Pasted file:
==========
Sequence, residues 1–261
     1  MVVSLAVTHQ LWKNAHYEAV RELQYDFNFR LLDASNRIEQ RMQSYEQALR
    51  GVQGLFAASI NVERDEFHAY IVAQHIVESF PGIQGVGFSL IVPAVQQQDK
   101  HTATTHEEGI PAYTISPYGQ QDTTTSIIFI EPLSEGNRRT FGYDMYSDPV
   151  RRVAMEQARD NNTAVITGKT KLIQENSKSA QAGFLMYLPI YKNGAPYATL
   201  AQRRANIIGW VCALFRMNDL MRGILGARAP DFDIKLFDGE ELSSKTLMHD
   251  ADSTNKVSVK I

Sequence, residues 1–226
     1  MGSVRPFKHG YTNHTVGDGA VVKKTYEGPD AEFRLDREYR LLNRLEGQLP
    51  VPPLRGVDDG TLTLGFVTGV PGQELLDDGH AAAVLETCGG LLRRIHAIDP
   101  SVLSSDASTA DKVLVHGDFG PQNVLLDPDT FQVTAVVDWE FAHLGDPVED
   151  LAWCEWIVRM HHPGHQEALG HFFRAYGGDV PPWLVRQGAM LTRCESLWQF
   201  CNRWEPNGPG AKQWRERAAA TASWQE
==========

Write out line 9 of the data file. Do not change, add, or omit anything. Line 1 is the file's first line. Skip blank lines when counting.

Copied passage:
     1  MGSVRPFKHG YTNHTVGDGA VVKKTYEGPD AEFRLDREYR LLNRLEGQLP